Half a billion years ago, the ocean was filling up with animals for the first time, including scuttling trilobites and spiky worms. Little is known, however, about what was happening further down the food chain.
Now, a British palaeontologist believes he may have found fossilised phytoplankton – forerunners of the tiny but vital algae that today suck masses of carbon out of the atmosphere and produce about half the oxygen we breathe. The fossils, dating back to the Cambrian period – 538m to 485m years ago – are microscopic, roughly the width of a human hair, and lived in the ocean back when there was no life on land.
Tom Harvey, from Leicester University, discovered them in rocks he had collected from a logging trail in Newfoundland, Canada, which he was examining using a microscope to search for animal skin. Instead, he came across a cluster of spiny objects stuck together in neat geometric clusters.
They were unlike anything he’d seen before. “The cells were quite big, they formed quite a large colony that has this amazing geometry,” he says. They reminded him of the pattern of butterfly eggs laid on a cabbage leaf, but he had no idea what he was looking at. “It was just too mysterious,” Harvey says. “I didn’t even want to hazard a guess.”
It was years before he found more of these microfossils. The process involves dissolving rocks in powerful acid, leaving carbon-based fossils intact, floating in a watery residue. Harvey then uses a microscope to search each drop of liquid, and suck up individual clusters of cells with an eyedropper. Eventually, he had a collection of a few dozen similar-looking fossils.
Childhood memories were stirred of pond dipping and examining pond water under a microscope, giving Harvey the idea that his new fossils – although found on land – could be phytoplankton.
The discovery is published in the journal Proceedings of the Royal Society B , which describes fossils shaped like little flat plates and rings, just one cell thick; the closest match Harvey could find today are algae that live in ponds and lakes.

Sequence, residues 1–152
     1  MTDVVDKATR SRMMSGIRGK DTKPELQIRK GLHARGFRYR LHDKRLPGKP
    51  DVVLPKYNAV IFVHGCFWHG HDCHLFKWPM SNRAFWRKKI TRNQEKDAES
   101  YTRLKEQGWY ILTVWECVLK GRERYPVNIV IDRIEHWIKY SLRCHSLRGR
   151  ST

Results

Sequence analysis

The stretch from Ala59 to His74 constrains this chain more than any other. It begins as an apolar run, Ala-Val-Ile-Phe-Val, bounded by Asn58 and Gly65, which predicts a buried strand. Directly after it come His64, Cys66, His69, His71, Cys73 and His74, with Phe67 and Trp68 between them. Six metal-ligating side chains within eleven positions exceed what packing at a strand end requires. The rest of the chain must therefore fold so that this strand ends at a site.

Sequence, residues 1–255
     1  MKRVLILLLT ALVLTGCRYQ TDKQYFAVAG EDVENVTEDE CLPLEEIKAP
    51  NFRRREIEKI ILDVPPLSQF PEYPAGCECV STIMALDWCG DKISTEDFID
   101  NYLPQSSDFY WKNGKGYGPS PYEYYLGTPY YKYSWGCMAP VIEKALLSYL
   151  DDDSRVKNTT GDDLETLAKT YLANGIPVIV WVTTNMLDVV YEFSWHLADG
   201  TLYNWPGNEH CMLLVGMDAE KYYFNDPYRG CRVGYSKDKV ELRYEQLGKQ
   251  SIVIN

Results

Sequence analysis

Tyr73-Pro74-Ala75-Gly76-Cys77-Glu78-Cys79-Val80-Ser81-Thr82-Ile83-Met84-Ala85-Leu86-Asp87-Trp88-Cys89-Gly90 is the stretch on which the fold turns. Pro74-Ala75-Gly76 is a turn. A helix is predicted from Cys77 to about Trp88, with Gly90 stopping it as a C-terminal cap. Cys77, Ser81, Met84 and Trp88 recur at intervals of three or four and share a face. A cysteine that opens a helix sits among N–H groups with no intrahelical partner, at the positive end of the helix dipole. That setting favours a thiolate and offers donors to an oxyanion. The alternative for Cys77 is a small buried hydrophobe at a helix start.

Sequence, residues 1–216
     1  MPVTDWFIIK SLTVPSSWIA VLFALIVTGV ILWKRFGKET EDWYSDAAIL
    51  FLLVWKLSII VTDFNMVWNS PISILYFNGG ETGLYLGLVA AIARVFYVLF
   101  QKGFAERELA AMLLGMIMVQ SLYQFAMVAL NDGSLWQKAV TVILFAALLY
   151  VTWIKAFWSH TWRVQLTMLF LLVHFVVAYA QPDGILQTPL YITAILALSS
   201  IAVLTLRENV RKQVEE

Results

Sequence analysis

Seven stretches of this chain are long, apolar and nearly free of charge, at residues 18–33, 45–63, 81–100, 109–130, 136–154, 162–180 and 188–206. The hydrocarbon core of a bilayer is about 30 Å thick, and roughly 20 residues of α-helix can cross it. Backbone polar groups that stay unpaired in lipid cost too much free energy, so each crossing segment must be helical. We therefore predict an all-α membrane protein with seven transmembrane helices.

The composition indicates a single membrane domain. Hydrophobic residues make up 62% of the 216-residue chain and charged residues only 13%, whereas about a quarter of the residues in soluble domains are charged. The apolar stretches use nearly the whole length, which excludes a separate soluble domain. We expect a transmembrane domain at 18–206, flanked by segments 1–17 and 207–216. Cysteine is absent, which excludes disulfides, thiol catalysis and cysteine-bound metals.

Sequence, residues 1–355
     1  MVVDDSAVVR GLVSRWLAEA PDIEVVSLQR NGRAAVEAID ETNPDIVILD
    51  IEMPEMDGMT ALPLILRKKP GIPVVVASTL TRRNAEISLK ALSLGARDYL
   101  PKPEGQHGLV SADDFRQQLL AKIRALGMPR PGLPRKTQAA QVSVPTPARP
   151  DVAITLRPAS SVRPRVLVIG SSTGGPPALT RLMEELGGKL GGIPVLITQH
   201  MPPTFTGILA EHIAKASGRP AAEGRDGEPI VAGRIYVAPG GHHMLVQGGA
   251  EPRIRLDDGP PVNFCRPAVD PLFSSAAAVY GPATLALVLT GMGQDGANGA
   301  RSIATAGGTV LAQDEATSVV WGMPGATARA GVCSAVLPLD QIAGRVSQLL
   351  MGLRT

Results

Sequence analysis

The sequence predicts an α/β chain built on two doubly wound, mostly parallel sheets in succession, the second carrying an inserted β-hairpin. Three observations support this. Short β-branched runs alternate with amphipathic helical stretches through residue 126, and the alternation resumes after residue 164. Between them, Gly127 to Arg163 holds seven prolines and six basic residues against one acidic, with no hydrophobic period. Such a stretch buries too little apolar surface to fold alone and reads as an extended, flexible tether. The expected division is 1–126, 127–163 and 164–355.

Harvey believes that, judging by their neat, symmetrical shapes, these colonies formed in a similar way to some living freshwater phytoplankton: rather than dividing into ever bigger blobs of cells, the parent plankton cells split off daughter colonies in a single step, then let them go.
Living phytoplankton do this when they sense animals nearby. Chemicals wafting through the water from grazing creatures, such as water fleas, stimulate the plankton to divide and become spinier, which makes them more difficult to eat.
Harvey thinks the ancient phytoplankton may have done the same thing. If he’s right, then this is the earliest evidence that animals had begun filtering seawater for phytoplankton, a critical part of the way ocean ecosystems work today.
The discovery could help fill a huge gap in the fossil record for plankton. The main varieties living in the ocean now can be traced to only about 100m years ago, during the time of the dinosaurs, compared with Harvey’s fossils, which are about 510m years old.
Hoards of microfossils date back earlier in Earth’s history but remain stubbornly enigmatic. Palaeontologists call them “acritarchs”, but don’t know what they were. Some could be cells broken from phytoplankton colonies similar to those that Harvey has found. He hopes his fossils could help other palaeontologists identify more of these colonies by showing them what to look for.
“I think they’ll be out there on microscope slides and collections in museums all around the world,” he says.
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